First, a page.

Enzyme Reactions: Importance and Mechanisms

Enzyme reactions are biological processes facilitated by enzymes, which act as catalysts to accelerate chemical reactions in living organisms. Enzymes play essential roles in metabolism and other cellular functions.
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Enzymes | Biochemical Reactions | Cellular Metabolism | Enzyme Kinetics | Biological Catalysts
Prepared by Shruti Sahoo, reviewed by Dr. Eugene Smith

Enzyme Reactions FAQ

Image credit: genome.gov

What do enzymes do in a chemical reaction?

Enzymes ( / ˈɛnzaɪmz /) are proteins that act as biological catalysts by accelerating chemical reactions. The molecules upon which enzymes may act are called substrates, and the enzyme converts the substrates into different molecules known as products.

What is enzyme chemistry?

enzyme, a substance that acts as a catalyst in living organisms, regulating the rate at which chemical reactions proceed without itself being altered in the process. A brief treatment of enzymes follows. For full treatment, see protein: Enzymes.

What is the function of enzymes in a cell?

Enzymes are protein macromolecules that are necessary to initiate or speed up the rate of chemical reactions in the bodies of living organisms. The molecules on which enzymes act are called substrates, and the substance formed is called the product. They are found in all living cells that vary in type based on the function it performs.

How do enzymes accelerate chemical reactions?

Enzymes are biological catalysts that accelerate chemical reactions by lowering the activation energy. Enzymes are proteins consisting of one or more polypeptide chains. Enzymes have an active site …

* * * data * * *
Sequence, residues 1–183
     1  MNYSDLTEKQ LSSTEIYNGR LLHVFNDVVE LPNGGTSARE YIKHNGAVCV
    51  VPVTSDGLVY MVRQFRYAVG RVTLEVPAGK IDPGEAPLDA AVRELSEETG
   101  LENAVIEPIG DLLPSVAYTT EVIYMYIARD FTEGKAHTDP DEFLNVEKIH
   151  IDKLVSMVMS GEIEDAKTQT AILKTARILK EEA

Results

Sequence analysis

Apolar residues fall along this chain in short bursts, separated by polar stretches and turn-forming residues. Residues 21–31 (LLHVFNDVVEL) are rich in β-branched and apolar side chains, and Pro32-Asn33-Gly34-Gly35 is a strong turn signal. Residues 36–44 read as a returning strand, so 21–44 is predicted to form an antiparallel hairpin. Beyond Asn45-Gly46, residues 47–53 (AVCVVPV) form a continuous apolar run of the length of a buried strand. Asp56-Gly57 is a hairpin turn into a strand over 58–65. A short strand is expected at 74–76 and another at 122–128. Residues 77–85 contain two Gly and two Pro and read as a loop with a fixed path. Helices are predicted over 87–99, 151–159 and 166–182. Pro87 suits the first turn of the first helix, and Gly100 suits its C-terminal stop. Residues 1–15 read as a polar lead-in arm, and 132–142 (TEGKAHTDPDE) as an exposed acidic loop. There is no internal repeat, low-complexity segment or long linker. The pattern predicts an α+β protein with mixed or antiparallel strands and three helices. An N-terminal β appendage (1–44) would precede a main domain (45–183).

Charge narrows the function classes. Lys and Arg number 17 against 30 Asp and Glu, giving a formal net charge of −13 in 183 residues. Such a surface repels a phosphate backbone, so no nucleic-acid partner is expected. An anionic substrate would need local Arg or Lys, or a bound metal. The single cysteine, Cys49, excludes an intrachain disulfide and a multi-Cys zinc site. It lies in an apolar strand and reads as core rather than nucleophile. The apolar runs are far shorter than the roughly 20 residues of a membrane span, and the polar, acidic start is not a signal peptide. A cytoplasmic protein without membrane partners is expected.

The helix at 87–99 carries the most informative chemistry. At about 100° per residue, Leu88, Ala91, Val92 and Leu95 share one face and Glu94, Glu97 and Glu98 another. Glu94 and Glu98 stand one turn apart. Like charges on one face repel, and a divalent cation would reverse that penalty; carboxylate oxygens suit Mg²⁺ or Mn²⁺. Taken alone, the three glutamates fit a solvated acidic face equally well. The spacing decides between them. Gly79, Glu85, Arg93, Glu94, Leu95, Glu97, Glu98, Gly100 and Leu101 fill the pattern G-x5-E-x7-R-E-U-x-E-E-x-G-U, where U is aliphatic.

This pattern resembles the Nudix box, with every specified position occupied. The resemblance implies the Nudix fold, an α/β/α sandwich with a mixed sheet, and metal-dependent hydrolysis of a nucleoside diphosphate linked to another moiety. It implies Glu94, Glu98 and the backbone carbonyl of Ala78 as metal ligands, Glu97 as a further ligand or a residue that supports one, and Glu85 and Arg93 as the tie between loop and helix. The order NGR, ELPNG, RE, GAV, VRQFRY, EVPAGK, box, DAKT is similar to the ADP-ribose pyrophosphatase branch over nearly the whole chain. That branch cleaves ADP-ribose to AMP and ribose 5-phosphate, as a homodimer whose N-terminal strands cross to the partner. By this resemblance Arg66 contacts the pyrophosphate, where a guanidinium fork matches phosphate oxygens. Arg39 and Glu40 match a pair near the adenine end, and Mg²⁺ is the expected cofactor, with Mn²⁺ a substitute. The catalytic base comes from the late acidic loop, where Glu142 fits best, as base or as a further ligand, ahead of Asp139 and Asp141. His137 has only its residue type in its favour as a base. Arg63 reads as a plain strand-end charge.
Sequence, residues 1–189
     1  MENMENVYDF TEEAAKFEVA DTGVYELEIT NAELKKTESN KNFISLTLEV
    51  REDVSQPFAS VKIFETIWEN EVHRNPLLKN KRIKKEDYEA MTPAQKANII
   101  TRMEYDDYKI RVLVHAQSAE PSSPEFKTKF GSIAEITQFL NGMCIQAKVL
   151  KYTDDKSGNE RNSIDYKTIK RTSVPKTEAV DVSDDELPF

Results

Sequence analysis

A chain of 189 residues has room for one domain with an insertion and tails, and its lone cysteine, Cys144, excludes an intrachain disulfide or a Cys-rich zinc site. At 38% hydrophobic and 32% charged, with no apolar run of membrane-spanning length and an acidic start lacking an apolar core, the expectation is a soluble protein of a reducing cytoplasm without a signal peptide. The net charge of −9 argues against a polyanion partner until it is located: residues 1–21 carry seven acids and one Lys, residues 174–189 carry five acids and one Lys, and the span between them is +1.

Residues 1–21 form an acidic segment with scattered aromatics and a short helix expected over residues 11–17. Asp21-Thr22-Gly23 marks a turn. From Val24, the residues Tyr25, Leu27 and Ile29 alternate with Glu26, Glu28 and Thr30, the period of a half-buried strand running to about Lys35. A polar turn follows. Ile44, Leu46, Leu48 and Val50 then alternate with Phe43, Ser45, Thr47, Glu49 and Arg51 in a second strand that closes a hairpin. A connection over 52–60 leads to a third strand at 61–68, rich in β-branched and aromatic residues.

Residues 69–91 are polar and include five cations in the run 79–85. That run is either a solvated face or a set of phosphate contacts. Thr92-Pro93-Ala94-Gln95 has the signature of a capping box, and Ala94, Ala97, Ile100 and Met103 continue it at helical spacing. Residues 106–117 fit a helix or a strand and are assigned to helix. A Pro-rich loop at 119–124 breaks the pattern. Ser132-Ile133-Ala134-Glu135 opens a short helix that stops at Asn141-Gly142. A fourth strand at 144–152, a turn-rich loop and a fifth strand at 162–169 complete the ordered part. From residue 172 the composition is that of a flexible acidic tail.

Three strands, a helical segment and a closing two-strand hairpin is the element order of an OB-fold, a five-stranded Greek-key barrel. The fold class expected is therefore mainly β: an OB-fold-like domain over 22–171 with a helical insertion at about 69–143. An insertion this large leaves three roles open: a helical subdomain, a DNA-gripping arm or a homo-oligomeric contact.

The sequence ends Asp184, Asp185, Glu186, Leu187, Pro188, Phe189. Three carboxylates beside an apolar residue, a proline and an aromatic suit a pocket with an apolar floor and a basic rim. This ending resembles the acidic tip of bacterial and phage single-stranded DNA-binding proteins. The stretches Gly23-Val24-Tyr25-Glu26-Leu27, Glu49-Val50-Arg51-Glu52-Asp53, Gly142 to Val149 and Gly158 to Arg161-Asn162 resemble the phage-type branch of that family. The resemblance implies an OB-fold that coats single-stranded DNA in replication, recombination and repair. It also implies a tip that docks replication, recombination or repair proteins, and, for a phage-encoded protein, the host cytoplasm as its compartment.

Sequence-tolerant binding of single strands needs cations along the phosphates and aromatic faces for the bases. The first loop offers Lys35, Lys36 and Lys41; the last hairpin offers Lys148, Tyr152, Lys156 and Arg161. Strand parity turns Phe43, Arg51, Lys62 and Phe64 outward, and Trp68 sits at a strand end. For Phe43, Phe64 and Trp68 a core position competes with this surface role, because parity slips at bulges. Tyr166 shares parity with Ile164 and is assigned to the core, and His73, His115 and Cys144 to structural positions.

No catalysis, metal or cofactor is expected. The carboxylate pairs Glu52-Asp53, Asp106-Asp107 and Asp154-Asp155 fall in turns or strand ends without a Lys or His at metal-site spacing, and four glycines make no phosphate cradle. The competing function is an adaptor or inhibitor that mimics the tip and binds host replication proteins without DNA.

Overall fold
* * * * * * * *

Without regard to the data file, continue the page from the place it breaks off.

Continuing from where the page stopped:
What is an enzyme in chemistry?

An enzyme is a biological catalyst, a substance that increases the rate of a chemical reaction without being changed or consumed in the reaction. A systematic process is used to name and classify enzymes. In the small intestine, sucrose is hydrolyzed to form glucose and fructose in a reaction catalyzed by sucrase.

Are enzymes reactants?

Enzymes are not reactants and are not used up during the reaction. Once an enzyme binds to a substrate and catalyzes the reaction, the enzyme is released, unchanged, and can be used for another reaction. This means that for each reaction, there does not need to be a 1:1 ratio between enzyme and substrate molecules. Want to join the conversation?

How do enzymes work in a cell?

Almost all enzymes are proteins, comprised of amino acid chains, and they perform the critical task of lowering the activation energies of chemical reactions inside the cell. Enzymes do this by binding to the reactant molecules, and holding them in such a way as to make the chemical bond-breaking and bond-forming processes take place more readily.

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